It never fails. I’m participating in a pirate festival dressed as a pirate, complete with cutlass at my side and pistol in my belt, and some guy will ask me if I’m a wench. I usually respond, “Do I look like I’m about to serve you a beer?”
As you can see, I don’t like being called a wench. I’m a pirate. What do you call a female pirate you might ask? A pirate.
It is possible that the man heard that women weren’t allowed on board ships because they were considered bad luck and it is possible that he did not know that there were several female pirates. In his ignorance he just went on the assumption that any woman near pirates is a wench—her only purpose to serve pirates’ needs.
Even excusing the lack of knowledge, I find it off putting that in post women’s lib America the first thing that would pop into a person’s mind when they see a woman in a pirate outfit is a servant. When I’m called a wench I want to look at a calendar to make sure the year is 2012 and not 1950. Sexism is dying a long, slow death.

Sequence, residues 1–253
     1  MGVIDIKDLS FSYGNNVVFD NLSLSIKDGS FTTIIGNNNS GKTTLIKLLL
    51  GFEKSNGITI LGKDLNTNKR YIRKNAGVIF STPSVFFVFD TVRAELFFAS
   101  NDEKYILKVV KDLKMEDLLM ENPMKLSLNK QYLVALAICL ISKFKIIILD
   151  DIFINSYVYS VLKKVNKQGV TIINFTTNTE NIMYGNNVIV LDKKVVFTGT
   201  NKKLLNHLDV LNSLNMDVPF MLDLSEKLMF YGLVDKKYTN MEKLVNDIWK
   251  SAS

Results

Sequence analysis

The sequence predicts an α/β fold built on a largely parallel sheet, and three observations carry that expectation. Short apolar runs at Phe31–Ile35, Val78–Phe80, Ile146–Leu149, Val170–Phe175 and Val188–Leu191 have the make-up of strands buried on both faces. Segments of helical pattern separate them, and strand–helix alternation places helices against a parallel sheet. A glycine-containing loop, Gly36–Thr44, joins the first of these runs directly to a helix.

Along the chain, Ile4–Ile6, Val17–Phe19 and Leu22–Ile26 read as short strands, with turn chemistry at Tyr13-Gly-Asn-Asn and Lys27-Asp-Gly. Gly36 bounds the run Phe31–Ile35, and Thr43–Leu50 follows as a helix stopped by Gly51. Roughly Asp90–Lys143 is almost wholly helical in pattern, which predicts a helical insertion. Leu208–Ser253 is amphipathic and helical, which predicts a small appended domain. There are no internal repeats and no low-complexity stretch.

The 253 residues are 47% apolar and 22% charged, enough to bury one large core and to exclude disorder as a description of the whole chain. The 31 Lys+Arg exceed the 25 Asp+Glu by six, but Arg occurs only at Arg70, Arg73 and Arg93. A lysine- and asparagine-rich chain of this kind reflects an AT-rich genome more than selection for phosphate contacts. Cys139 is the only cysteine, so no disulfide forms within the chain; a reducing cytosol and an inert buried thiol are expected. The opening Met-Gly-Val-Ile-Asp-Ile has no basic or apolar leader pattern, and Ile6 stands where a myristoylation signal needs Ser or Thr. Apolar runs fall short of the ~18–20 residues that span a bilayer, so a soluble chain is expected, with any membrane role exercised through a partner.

Navigating a ren faire is tricky. There are women who have chosen to be wenches. But a woman can also be a heavy weapons fighter, a fencer, or participates in the joust. So you might want to be careful who you call a wench. A safe bet would be to address a woman you don’t know as milady.
Are there women in pirate groups who portray wenches? I’m sure there are. (I have nothing against a woman who chooses to be a wench that is her choice. I don’t like the assumption that all women are wenches.) Are there female pirates who don’t mind being called wenches? Probably. Keep in mind, that like a ren faire, that “wench” might know how to handle a pistol and cutlass…ye be warned.
One last thing, we may never know how many women, disguised as men, were pirates. Those who did endured the hardship of life at sea not to be servants but for a chance to rise above their lowly status, a chance for a better life. So please don’t disrespect their courage by assuming every female you see at a pirate festival is a wench.